Sunday, January 7, 2018

First Fire of 2018

 I haven’t had a decent fire here in well over a year or so. Irma knocked down a few trees, the microburst that hit back in March of 17 had already felled its share of stuff, and time, always time, pushes things to the ground and the earth absorbs them. There’s much more of former trees than the earth can take right now and the path around the property is crowded. There’s two piles, one of which is just plain too damn big. There’s another pile close to the house were a tree fell during Irma that I cut into pieces with an axe. This stuff has to go and I feel a yearn, a yearn to burn.

The big pile, in any other year or any other time, would have gone up like a missile full of tequila and rocket fuel but this is the year of ice and cold. It’s twenty-five when I light the fire, and even the fire seems intimidated. This brush pile is full of ice and left over snow, and it’s more cold than wet, but the ice will melt. The fire begins small, as most do, and I never use gasoline or anything like that. Fires are like making love; you should always begin with a little heat, and allow the flesh to desire more, and out in this stuff, my flesh does indeed desire more heat, and the fire desires something it can build upon.

It takes a while, and my hands are curled up and shaking from the effort. The fire burns a hole in the pile but the pile, cold soaked after a week of below freezing weather, refuses the advances of the flame. Small stuff catches and more small stuff catches and like a lover who has on too many clothes to protect her from the cold, the fire finally begins to produce a bed of coals for the fire to build from, and the first layer of clothes comes off, slowly, but gratefully.

Now, once there is heat, real heat, the pile begins to melt and smolder. I start dragging some of the stuff over from September, and one branch had a lot of leaves on it, browned and shriveled. I put these on the pile and the fire licks around the leaves then inside of them, and my first real large flame leaps into the frigid air, banishing the cold, and adding a burst of fuel to the fire. The lover arches her back and helps push her jeans off and away. The fire has caught and now anything and everything will burn, and burn hotly.

I had forgotten how much hard work is involved in dragging stuff into the fire. I pull, tug, chop, drag, throw it all on the now wonderful fire, and everything goes up in flame, devoured and brightly burning. The warmth is incredible. Lilith is a fire dog and she sits beside the fire and dozes. This is warmth that goes down to the bones and relieves the icy grip of the snow and ice. I can feel the heat through my clothes and my jacket comes off.  I go back to the pile beside the house and feel cold again, but once a large limb had been dragged back and tossed into the flames, I’m enveloped by warmth, real warmth, and even at sunrise the cold cannot hold back the warmth of the flames.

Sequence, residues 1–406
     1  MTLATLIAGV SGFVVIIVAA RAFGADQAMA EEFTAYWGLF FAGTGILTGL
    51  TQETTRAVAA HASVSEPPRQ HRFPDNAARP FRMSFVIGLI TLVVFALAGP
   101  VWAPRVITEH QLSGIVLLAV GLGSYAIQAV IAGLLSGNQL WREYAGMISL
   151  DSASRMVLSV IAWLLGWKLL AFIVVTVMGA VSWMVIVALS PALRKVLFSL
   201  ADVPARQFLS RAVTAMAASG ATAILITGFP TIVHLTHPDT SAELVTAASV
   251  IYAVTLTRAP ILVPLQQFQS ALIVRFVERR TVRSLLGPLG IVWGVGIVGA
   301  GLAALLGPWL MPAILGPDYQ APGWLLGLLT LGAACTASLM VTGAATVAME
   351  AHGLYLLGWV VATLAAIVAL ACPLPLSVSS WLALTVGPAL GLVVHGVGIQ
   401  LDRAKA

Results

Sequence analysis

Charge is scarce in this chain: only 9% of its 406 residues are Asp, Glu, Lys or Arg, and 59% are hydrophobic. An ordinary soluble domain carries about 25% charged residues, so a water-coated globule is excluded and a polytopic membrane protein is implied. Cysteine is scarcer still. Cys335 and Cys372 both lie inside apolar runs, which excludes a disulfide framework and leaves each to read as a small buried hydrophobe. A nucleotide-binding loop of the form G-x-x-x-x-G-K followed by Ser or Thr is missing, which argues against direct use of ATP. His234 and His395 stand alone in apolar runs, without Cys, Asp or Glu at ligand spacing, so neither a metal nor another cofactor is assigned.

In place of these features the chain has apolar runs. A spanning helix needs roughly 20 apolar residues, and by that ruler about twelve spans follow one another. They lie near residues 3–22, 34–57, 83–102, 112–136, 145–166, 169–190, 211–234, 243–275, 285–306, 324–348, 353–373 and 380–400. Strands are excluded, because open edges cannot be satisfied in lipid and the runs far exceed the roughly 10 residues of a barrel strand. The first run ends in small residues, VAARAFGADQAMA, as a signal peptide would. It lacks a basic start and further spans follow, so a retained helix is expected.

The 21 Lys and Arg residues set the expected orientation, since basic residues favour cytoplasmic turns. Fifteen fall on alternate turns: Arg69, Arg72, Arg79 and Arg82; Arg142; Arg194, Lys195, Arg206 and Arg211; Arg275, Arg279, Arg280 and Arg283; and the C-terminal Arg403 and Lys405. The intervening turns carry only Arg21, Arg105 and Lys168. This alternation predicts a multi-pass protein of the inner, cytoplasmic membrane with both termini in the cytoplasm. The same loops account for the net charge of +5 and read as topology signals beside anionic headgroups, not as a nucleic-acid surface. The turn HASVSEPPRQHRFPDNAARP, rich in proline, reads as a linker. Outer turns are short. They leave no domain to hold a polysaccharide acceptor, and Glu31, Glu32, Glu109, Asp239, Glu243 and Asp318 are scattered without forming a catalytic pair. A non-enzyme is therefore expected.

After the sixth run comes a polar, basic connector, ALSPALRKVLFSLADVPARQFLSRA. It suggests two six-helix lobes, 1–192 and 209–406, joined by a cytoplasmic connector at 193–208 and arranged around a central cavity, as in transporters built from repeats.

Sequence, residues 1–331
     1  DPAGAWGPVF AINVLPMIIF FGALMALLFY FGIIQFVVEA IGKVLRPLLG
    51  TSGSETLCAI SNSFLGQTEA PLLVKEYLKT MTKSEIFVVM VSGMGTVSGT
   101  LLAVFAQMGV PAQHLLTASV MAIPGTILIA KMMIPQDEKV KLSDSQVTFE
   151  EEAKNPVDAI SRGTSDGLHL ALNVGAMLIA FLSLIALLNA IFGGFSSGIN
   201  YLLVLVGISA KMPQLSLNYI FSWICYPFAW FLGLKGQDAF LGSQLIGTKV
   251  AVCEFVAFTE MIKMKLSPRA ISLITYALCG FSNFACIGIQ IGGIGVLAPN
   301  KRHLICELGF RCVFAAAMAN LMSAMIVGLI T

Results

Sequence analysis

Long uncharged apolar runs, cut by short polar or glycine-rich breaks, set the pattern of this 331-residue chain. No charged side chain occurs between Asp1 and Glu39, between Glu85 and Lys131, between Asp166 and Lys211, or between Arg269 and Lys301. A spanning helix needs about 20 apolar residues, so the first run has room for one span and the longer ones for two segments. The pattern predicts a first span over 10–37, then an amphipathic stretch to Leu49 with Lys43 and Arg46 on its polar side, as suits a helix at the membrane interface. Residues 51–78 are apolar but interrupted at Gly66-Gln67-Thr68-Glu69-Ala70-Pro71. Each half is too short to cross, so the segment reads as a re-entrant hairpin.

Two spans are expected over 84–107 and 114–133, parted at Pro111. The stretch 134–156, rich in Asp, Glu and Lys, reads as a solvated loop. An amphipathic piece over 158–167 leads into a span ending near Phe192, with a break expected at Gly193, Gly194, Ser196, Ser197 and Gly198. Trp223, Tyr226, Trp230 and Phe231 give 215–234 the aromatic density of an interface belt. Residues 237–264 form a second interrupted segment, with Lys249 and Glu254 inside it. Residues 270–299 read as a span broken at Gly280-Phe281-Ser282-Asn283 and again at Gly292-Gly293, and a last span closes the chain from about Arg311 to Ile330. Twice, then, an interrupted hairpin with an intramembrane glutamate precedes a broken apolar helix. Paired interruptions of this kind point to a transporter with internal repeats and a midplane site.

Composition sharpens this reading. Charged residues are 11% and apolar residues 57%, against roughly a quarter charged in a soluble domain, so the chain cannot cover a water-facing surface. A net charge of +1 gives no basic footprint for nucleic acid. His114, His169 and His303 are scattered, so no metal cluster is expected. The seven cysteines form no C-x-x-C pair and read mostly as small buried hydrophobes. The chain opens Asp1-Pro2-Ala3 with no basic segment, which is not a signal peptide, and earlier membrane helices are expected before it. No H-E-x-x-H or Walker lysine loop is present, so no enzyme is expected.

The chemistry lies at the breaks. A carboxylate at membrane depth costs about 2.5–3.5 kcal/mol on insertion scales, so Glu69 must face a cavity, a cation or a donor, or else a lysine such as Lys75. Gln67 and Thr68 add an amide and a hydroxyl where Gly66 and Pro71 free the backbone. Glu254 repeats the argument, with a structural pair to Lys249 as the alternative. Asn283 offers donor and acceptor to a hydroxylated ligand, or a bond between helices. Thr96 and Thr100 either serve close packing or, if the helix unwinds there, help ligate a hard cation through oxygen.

Is it any wonder that fire was our first step toward civilization? A group of people might stand around such a fire and marvel at the heat and the beautiful light and never question that this is magic.

As the day grows warmer, comparatively, the wind picks up slightly, and I take a break. I’ve been working nonstop for four hours and I’m not sweating. My hands are shaking, but not from cold. I’m wearing out, and I know it, but this feels so good. It’s getting time to quit, and suddenly a tree leans over and rests on another tree. Right there in front of me. The tree that is acting as a support has a fork near the top and it’s caught the dead tree at an angle. The support tree has a sizable rotted spot on the trunk so it is not long for this earth. But the way everything is leaning, with the dead tree caught at an odd angle, and weight of the dead tree pushing back at the support, where will all of this land when the support is cut? It has to go. I cannot wait for it to land on the dogs on its own, or me.

I’m still better with an axe than most people I’ve met. I cut a nice wide and even place in the support tree and work my way around it, careful not to put myself in the path of the tree if it should fall. When I start going deep, I make sure it’s all even, so the axe doesn’t get bound. But finally, I have to have an escape route. When this thing goes, I’m hiding behind another tree, and when it goes, I better be moving. There is a loud crack as the support begins to go and I back away. I hit the cut hard with the axe, drop it, and run as I hear the death of the tree. I lean again my escape tree as I hear the wreckage behind me fall and a piece of the dead tree as large as a German Shepherd flies through the air as a third tree is taken down by the falling mess.

It’s time to quit for the day.

The fire is dying as the sun goes down. Pieces of trees that held up thousands of pounds of wood and thousands of leaves have turned into ash, blown easily by the wind. I am more tired than I have been for a very long time, but inside of me, is the memory of fire, and of warmth, and I have needed this.

Take Care,


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